Historian: GOP Wins Because of ‘Backlash Against’ D.C. Establishment

Davis Hanson says 'ungracious' senators like Jeff Flake don't understand people 'reluctantly voted' for them

Military historian and political columnist Victor Davis Hanson said during an interview Tuesday on “The Laura Ingraham Show” that Never-Trumper Sen. Jeff Flake (R-Ariz.) “really shows a lot of ingratitude” for rejecting President Donald Trump and the conservative-populist wave across the country that gave the Republican Party the White House, the Senate, and the House.

Hanson, a Martin and Illie Anderson senior fellow at the Hoover Institution and professor of classics emeritus at California State University, Fresno, noted that Trump was set to conduct a rally in Arizona Tuesday evening in a state where both of its U.S. senators largely stand against him and his political agenda. Both Flake and Sen. John McCain have resisted Trump throughout the 2016 presidential campaign and into his presidency.

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And with the deeply unpopular Flake coming up for re-election in 2018, Hanson said that the senator could do with both a little introspection and a little comprehension of the political landscape that led Trump to victory.

“The reason that [Republicans] have the legislatures now and the governorships and the Senate and the House and the presidency and the Supreme Court was because there was a backlash against [House Speaker] Paul Ryan and [Senate Majority Leader] Mitch McConnell and Jeff Flake,” Hanson said.

Noting that Flake never contributed to the Tea Party movement or to “Trumpism” in any meaningful fashion, Hanson warned that the Arizona senator’s failure to gauge the political climate correctly could deliver disastrous consequences for his re-election bid next year.

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“[Flake] really shows a lot of ingratitude because he doesn’t understand that the people who voted for these populists reluctantly voted for him,” Hanson said. “And if they hadn’t been there, he would have lost. And I hope he does lose, because nothing’s worse than being ungracious. And that’s what he is. And he doesn’t know what he’s talking about.”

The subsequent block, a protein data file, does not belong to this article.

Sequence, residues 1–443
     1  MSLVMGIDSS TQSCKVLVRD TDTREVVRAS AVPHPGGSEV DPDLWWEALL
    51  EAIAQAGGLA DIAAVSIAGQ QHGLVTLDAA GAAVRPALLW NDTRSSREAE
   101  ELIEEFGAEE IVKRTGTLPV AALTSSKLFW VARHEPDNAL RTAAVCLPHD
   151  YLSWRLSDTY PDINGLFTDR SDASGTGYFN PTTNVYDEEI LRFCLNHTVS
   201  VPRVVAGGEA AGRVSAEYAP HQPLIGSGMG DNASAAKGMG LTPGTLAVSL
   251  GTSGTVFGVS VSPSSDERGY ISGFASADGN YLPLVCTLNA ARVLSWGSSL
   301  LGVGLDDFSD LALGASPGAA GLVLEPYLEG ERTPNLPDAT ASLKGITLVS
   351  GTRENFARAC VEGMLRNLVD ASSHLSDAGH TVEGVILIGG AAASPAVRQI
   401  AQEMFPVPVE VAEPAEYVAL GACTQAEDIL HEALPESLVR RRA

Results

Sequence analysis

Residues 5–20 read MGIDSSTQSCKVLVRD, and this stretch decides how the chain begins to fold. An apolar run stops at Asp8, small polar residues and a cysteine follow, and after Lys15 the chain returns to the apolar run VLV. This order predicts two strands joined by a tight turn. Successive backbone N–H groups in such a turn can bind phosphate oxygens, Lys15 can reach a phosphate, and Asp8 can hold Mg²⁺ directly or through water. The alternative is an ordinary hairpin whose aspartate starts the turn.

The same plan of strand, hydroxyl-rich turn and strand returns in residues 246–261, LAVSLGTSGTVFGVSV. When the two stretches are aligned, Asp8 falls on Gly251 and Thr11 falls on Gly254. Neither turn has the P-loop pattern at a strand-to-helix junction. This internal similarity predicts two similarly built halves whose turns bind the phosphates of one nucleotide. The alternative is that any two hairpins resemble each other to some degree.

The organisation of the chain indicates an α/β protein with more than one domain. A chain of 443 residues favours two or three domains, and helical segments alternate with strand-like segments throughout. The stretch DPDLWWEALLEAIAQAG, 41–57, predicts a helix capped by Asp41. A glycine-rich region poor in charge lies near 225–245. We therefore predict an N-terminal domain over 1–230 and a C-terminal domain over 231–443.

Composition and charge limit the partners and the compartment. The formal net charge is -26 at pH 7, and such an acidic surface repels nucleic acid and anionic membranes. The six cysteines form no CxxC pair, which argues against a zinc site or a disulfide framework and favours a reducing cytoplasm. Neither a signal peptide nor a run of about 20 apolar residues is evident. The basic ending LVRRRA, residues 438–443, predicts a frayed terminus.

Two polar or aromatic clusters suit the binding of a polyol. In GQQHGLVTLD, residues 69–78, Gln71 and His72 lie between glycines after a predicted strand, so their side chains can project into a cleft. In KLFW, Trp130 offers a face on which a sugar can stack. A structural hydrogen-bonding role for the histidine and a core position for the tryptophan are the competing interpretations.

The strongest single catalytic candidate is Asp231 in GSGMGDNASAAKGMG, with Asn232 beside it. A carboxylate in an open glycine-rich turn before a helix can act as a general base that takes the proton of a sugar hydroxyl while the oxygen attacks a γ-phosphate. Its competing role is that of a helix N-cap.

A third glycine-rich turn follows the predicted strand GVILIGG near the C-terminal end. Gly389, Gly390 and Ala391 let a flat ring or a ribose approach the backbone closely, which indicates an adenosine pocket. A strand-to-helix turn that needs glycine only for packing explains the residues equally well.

In particular, Hanson pointed to Flake’s weak stance on immigration — an issue that deeply concerned Arizona voters. Whereas Trump called for strict border security, a wall on the southern border and a crackdown on illegal immigration and deportations, Flake makes a point of siding with “immigration,” avoiding “illegal immigration” and taking more of an open-borders stance.

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“[Flake’s] very careful in the choice of his words because he didn’t use the word ‘illegal immigration.’ And he did that for a purpose because he wants to conflate the two,” Hanson said. “Trump is making immigration legal, meritocratic and diverse, which is what we want.”

“And I don’t know why he’d want to be on that side of open borders. But that’s, in fact, what he’s for,” Hanson added, noting that Flake repeatedly has denounced Trump for “destroying” both the Republican Party and conservatism. “But Jeff Flake does not also see that his paradigm where he says, ‘we are going to lose the Republican Party,’ has lost the Republican Party.”

But the Republican Party isn’t the only major party struggling to unite around a common message, Hanson noted as he pointed to the Democratic Party’s struggle to placate liberal progressives while wooing the more moderate voters it lost to Trump in 2016. In particular, Hanson warned the Democratic Party against siding too strongly with the progressives clamoring to remove any and all references to Confederate soldiers and slave owners — a topic that deepened in the wake of the Aug. 12 rally in Charlottesville that left one woman dead and witnessed clashes between far-right and far-left protesters.

“I think it’s a losing issue. I think the polls show that. And [the Democrats] have to ask themselves why 2017 and not 2014 or 2010? What galvanized them suddenly?” Hanson said, adding that “this progressive trajectory is not going to look good if they continue” to push it to the forefront of the party’s campaign platform, instead of economic and national-security issues.

(photo credit, homepage and article images: Gage Skidmore, Flickr)

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